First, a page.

Such tensions have existed for years under Basel I. Three aspects of Basel II may raise the level of tension experienced by internationally active banks still further: (1) Basel II is more complex, (2) it includes requirements for capital to cover operational risk, and (3) it has all the uncertainties of the new and untested. Host-country supervisors face the costs of adjusting to differences in the manners in which foreign banks will implement Basel II, while the banks and home-country supervisors worry about host-supervisor intrusions, questions, and special rules. These concerns are quite understandable. One might choose to be philosophical and accept that there are inevitable costs of doing business as a global bank, and of supervising global banks, in a world of sovereign states. Fortunately the situation--as Mark Twain said about Wagner's music--is "better than it sounds." A variety of efforts are underway to mitigate the potential problems of the new system.
As you may know, the Basel Supervisors' Committee has established the Accord Implementation Group, or AIG, headed by the vice chairman of the Basel Committee, Canada's superintendent of financial institutions, Nicholas Le Pan. The AIG consists of senior line supervisors from Basel member countries, who gather regularly to share best practices and develop ways to foster consistent application across national jurisdictions. Among its efforts is a series of case studies, in which home and host supervisors review how the banks under study plan to implement Basel II. To date, a dozen case studies have been launched, and more are planned. Of course, the usefulness of each case study depends on how far along the subject bank is in its own Basel II implementation plan.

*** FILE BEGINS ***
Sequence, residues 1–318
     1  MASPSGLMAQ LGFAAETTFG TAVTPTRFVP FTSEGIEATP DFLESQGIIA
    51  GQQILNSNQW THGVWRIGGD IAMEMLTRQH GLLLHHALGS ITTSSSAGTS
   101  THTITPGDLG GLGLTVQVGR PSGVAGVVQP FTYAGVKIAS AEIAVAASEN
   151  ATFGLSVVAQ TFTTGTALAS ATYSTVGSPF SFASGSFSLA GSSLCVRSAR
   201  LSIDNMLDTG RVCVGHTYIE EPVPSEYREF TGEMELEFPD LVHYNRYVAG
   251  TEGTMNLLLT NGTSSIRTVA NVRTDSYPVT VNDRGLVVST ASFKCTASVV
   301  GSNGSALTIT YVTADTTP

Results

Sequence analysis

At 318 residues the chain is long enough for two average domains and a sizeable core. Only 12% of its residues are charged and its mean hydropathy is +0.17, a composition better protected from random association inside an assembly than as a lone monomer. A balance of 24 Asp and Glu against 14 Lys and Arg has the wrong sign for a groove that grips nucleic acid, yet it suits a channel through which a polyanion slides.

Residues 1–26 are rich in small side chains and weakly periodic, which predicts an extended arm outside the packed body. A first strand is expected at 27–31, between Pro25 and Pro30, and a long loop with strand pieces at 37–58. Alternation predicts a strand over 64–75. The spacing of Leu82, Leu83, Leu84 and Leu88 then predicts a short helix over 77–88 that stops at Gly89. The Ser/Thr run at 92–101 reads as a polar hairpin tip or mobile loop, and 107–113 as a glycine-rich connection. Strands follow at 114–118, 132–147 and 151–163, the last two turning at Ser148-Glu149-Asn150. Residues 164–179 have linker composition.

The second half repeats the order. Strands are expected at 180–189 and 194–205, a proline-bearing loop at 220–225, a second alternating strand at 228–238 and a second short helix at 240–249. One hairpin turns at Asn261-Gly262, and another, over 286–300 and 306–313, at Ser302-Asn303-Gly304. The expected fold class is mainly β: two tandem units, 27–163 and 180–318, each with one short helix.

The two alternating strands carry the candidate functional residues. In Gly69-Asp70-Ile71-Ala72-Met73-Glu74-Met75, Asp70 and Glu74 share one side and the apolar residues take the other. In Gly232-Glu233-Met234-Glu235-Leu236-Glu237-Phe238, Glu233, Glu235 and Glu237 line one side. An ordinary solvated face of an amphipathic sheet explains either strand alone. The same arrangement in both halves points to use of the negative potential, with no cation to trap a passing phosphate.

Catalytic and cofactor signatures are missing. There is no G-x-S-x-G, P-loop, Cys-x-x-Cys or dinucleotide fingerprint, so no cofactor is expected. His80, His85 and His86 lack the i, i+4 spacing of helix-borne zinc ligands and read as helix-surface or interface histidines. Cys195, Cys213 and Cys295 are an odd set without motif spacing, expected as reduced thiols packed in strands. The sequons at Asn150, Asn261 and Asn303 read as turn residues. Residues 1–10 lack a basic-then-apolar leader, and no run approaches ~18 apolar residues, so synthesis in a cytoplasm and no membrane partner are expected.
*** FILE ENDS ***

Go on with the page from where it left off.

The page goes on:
In the United States, for example, a case study focusing on Citigroup involves the United States and a panel of about ten host-country supervisors from jurisdictions in which Citigroup has important operations. The panel of supervisors is developing a common understanding of how Citigroup has established its risk management structure and risk measurement systems, and how the entity will use the various statistical inputs and methodologies for determining its minimum regulatory capital requirements under Basel II. The host-country participants are active in the process and, importantly, all involved are working collaboratively under the principles articulated by the Basel Supervisors' Committee. As the home-country supervisor in the Citigroup exercise, we are organizing an outreach program to inform other host countries, not participating in the case study, of the efforts. In addition, U.S. supervisors are involved in many other case studies in which we are acting as the host supervisor for foreign banks' U.S. operations. In short, efforts to ensure effective cross-border supervisory coordination are under way, and we are committed to making them successful.